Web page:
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Veteran Advisor

Re: I'm perplexed???

  I believe that it includes total federal dollars spent, and that would skew the ranking because a dollar spent is a dollar spent, whereas 1 million people paying in versus 5 million people paying in affects the ratio.

  But, whether or not the state is financially stable has absolutely nothing to do with the revenue that they get from the federal government.

  If you notice, the states that have little or no state taxes get a huge influx of money directly, or indirectly through SS payments which the lack of state taxation is why they moved there.

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Veteran Advisor

Re: I'm perplexed???

cotman....If you continue to modify and add qualifications to the premise of your original post at the same speed and trajectory of these last couple of entries you are going to find yourself sitting to the left of don and tom by early afternoon.

 

But **bleep** Cheney is more or less form Texas...and Bush was too...both transplanted....but seeped (washed in the blood?) in the oil and extraction business and V.P. Cheney said publicly and early on in the Bush adminitration the "deficits don't matter"......so maybe it's just a "Texas thing".

 

We've got a state constituional thing going on here. Every biennium the state budget must be balanced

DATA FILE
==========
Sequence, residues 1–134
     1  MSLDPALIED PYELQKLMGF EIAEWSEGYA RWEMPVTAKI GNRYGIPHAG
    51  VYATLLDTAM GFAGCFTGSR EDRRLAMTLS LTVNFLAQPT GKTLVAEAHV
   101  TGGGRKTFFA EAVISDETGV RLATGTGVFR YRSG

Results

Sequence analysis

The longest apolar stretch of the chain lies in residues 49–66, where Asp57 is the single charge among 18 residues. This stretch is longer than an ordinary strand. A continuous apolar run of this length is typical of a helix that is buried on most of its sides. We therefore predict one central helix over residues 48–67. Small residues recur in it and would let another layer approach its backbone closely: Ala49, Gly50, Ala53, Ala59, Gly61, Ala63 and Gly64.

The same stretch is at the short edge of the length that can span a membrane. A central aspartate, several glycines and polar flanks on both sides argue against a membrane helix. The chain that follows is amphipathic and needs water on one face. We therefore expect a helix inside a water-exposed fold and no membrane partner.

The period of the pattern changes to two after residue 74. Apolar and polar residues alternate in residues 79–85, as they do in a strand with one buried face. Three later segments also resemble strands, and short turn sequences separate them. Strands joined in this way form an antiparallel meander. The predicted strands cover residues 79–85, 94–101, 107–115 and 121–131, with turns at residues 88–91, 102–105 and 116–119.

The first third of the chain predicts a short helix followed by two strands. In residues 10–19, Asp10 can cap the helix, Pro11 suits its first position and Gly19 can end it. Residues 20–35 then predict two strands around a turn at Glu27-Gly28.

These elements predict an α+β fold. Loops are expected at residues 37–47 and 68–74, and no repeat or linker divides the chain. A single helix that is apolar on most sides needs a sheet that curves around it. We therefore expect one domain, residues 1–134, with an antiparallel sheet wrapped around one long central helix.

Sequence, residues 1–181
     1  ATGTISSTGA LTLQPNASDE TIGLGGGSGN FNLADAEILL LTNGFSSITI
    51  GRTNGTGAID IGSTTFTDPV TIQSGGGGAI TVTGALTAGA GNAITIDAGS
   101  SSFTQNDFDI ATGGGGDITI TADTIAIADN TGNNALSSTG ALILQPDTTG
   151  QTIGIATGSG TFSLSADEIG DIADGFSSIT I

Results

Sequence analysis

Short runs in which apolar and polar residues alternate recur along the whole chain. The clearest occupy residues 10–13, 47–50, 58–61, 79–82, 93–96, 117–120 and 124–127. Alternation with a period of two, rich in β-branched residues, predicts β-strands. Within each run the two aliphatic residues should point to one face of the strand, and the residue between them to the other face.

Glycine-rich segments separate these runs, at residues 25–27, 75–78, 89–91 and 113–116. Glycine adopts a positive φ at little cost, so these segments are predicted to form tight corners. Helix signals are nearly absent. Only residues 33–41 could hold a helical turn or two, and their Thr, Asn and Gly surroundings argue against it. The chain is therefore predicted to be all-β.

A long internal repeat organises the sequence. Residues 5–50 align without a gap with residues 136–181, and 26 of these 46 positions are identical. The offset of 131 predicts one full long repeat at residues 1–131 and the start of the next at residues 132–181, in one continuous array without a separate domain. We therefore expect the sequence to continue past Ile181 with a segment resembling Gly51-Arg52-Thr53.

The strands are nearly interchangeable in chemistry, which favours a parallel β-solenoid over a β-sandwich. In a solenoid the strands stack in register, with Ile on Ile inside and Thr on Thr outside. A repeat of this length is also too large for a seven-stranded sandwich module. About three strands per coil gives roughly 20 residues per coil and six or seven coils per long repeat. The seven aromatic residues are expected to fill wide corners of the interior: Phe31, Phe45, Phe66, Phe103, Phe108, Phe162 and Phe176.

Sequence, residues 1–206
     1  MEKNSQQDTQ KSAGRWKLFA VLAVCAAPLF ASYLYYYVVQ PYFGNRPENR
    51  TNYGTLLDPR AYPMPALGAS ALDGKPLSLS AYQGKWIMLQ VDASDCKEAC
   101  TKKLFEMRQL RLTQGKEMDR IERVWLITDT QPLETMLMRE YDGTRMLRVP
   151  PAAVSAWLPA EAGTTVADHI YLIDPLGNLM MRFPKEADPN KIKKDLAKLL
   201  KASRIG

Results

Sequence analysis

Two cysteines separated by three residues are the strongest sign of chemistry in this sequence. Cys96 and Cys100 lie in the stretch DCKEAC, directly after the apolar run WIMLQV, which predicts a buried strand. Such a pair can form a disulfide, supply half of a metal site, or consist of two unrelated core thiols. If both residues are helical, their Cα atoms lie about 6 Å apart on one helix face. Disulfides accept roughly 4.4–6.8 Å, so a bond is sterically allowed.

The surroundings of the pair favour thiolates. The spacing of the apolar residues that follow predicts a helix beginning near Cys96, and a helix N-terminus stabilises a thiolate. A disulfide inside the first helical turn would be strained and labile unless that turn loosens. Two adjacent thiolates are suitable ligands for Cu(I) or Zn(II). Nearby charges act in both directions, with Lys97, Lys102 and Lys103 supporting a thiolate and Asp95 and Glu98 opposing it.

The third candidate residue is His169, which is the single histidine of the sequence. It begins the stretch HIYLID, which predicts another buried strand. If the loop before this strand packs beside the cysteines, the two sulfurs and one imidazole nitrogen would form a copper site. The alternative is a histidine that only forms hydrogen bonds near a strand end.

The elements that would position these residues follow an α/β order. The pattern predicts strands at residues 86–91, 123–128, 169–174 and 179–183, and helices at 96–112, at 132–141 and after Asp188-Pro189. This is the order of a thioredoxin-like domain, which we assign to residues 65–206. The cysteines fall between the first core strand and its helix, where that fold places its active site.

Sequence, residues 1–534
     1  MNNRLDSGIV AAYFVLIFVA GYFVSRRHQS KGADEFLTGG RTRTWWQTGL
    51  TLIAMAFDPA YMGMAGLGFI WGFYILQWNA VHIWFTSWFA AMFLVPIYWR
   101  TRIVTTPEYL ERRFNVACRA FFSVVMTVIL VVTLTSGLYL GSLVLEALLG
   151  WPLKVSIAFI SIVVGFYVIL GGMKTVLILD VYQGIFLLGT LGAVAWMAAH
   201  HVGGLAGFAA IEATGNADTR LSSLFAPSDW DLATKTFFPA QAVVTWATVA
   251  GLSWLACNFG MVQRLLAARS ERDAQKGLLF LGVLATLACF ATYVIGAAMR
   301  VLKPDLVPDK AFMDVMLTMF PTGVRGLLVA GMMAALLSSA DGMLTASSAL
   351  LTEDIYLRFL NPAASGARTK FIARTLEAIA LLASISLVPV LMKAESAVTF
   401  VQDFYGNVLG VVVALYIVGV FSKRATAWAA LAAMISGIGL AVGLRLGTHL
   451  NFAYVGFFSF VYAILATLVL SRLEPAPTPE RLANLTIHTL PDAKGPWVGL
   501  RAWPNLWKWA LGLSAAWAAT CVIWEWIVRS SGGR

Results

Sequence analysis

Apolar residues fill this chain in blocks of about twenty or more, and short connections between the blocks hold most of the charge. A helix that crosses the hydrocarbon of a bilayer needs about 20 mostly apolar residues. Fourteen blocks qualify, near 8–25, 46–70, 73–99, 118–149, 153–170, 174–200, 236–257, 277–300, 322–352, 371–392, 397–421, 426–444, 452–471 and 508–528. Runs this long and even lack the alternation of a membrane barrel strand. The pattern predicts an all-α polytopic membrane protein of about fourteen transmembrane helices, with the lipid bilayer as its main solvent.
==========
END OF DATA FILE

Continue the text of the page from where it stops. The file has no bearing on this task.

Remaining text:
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Senior Contributor

Re: I'm perplexed???

Right, I guess that was my point.  If you have one military person employed per 10 people in Montana while having one per 50 in New York, obviously the cost per person is significantly higher in Montana.  This is what skews the numbers.  The states in the biggest fiscal pickle are ranked towards the bottom rather than being ranked towards the top.  According to Forbes, the five states in the worst financial shape are:  Illinois, New York, Connecticut, California, and New Jersey.  According to the payouts by state, their ranks repsectively are:  #45, #42, #48, #43, and #50.  According to Forbes, the three states in the best financial shape are:  Utah, Nebraska, and Texas.  According to payouts by state, their ranks respectively are:  #29, #25, and #35.  

Forbes' metrics for each state included unfunded pension liabilities, changes in tax revenue, credit ratings, debt as a percentage of Gross State Product, debt per capita, growth expectations for employment and the state economy, net migrations and a "moocher ratio" that compares government employees, pension burdens and Medicaid enrollees to private-sector employment.

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Veteran Advisor

Re: I'm perplexed???

  I can only speak about Illinois' budget, where something was mandated and not funded, or that the funding was switched to another item. We had the "rainy day fund" which to me meant a savings account or slush fund. Government taxation does not, or should not anyway, work that way, because budgets are drawn up and increases are accounted for and matched to the applicable tax revenue, not keeping money aside for whatever things arise. But, the budgets are very complicated and if you read the CAFR you will often times find excessive funding in what I call the stop sign(a couple of hundred thousand or millions to replace stop signs whose lifespan is very long) items. Politicians will park or stash money into various areas in the budget to be easily accessed when they need it, and sometimes they will choose a tax increase to protect and preserve that stash to be used at some point in the future, usually around election time.  

  But, there are many states that can afford to lessen the tax burden for their residents in many forms, just because someone(the federal government) else foots the bill for most if not all of their big spending items, or can give away money and various breaks to political supporters.